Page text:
The Link Between BRCA and Breast Cancer

BRCA mutations can allow cancerous cells to divide and grow, putting you at a higher risk of developing breast cancer. Knowing that you have a BRCA mutation can impact your treatment options.

BRCA by the numbers

Testing positive for a BRCA mutation does not mean that you will get cancer, but it does increase your risk.

This year alone, breast cancer is estimated to be diagnosed in more than 252,000 women.

Of those 252,000 women, an estimated 12,600 to 25,200 have a BRCA mutation.

If you have a BRCA1 mutation, you have an estimated 72% chance of developing breast cancer by age 80. If you have a BRCA2 mutation, you have an estimated 69% chance of developing breast cancer by age 80.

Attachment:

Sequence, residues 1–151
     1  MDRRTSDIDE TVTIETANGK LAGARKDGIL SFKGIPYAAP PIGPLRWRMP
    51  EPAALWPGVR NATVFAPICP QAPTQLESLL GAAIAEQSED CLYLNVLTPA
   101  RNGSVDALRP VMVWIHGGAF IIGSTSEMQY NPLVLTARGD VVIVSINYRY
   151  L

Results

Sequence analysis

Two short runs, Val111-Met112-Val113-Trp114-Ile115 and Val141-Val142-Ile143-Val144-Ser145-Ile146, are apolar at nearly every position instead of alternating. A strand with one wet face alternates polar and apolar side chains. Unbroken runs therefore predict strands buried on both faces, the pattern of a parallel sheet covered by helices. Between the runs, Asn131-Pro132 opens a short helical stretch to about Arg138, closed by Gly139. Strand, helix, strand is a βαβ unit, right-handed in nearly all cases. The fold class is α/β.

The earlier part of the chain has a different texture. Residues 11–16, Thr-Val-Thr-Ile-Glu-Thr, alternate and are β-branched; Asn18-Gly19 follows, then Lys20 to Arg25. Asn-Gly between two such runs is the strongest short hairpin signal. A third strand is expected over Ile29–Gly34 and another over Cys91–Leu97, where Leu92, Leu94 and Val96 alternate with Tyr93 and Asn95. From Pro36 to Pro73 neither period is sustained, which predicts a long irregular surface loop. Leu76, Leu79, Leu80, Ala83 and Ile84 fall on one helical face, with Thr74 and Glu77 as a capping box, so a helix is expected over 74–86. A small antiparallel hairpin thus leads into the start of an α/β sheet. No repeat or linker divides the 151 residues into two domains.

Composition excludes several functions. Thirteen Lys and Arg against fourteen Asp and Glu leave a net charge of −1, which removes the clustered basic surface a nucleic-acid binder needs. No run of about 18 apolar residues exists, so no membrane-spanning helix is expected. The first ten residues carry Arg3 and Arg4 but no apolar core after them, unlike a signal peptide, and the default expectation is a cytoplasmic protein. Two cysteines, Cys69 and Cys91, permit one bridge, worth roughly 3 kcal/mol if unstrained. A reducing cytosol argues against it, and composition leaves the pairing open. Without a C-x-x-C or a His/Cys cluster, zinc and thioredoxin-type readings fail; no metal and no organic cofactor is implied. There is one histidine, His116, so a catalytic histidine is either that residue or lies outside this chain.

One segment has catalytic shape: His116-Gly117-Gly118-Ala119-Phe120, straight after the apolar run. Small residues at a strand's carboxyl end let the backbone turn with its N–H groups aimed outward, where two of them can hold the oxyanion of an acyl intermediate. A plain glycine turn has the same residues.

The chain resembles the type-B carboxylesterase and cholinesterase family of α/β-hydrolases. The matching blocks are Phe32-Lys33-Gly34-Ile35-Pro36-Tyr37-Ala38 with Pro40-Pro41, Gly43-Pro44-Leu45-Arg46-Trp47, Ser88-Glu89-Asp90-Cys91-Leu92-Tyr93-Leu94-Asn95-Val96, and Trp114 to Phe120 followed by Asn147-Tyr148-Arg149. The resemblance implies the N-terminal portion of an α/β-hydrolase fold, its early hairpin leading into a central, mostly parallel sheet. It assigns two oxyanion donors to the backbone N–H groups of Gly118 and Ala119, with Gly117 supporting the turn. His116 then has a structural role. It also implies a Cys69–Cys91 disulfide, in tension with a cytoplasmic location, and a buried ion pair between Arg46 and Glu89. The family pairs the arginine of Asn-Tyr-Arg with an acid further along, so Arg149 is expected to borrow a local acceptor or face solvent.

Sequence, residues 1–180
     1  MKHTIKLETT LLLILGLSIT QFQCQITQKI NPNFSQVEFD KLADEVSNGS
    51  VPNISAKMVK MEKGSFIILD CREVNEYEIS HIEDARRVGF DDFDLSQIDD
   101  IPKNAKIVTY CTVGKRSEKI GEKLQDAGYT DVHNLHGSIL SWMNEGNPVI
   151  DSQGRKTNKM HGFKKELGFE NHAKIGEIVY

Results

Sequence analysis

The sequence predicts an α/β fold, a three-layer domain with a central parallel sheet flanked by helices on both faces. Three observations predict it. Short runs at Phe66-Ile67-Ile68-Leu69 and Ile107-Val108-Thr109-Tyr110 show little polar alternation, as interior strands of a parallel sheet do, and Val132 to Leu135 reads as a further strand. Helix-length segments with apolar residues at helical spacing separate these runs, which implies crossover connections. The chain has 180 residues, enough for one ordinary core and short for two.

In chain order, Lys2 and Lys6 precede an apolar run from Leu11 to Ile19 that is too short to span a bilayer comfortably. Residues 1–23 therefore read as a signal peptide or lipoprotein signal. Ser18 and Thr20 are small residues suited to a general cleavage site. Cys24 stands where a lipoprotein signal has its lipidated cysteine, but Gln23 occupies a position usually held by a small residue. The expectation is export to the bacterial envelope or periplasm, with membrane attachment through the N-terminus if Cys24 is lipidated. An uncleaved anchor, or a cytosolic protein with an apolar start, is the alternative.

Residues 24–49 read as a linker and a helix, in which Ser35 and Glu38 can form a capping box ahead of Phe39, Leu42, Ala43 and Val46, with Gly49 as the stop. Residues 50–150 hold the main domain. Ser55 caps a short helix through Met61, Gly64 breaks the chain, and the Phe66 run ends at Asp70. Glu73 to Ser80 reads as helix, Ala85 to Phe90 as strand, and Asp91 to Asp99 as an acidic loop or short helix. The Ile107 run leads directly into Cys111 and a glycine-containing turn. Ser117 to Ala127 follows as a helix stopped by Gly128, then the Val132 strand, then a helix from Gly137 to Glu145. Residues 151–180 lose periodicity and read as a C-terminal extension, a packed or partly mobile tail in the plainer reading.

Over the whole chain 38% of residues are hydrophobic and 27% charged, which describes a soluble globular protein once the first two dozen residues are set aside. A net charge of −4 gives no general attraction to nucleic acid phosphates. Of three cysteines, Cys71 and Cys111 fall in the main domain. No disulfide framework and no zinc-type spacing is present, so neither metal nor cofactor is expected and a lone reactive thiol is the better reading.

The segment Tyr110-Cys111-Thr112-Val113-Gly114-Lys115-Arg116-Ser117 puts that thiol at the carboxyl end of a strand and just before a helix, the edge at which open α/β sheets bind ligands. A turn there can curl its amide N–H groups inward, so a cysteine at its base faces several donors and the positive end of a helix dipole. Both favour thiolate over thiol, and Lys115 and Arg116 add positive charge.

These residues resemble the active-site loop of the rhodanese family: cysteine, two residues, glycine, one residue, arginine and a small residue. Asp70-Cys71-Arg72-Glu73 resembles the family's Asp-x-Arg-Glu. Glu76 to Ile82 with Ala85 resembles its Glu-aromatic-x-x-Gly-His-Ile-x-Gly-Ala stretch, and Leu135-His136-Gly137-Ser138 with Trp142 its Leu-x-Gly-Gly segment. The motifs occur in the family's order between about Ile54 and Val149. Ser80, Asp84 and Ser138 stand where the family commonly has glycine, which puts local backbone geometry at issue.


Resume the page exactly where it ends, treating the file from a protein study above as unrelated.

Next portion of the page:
When it comes to BRCA testing—don’t wait. Getting a BRCA test early could be a life-changing decision.

The impact on breast cancer treatment

You might be wondering why someone who already has cancer would consider BRCA testing, but genetics can play an important role when determining treatment options.

If you have breast cancer and test positive for a BRCA mutation, your treatment options could potentially change. Here’s what you need to know:

  • Some women with breast cancer are resistant to standard cancer treatments, such as chemotherapy, making them less effective
  • Even if the cancer does respond to treatment, it can eventually return
  • Knowing if you have ER-positive, PR-positive, HER2-positive, HER2-negative, or triple-negative breast cancer could determine treatment eligibility for certain therapies
  • ER-positive=estrogen receptor-positive.
  • HER2-negative=human epidermal growth factor receptor 2-negative.
  • HER2-positive=human epidermal growth factor receptor 2-positive.
  • PR-positive=progesterone receptor-positive.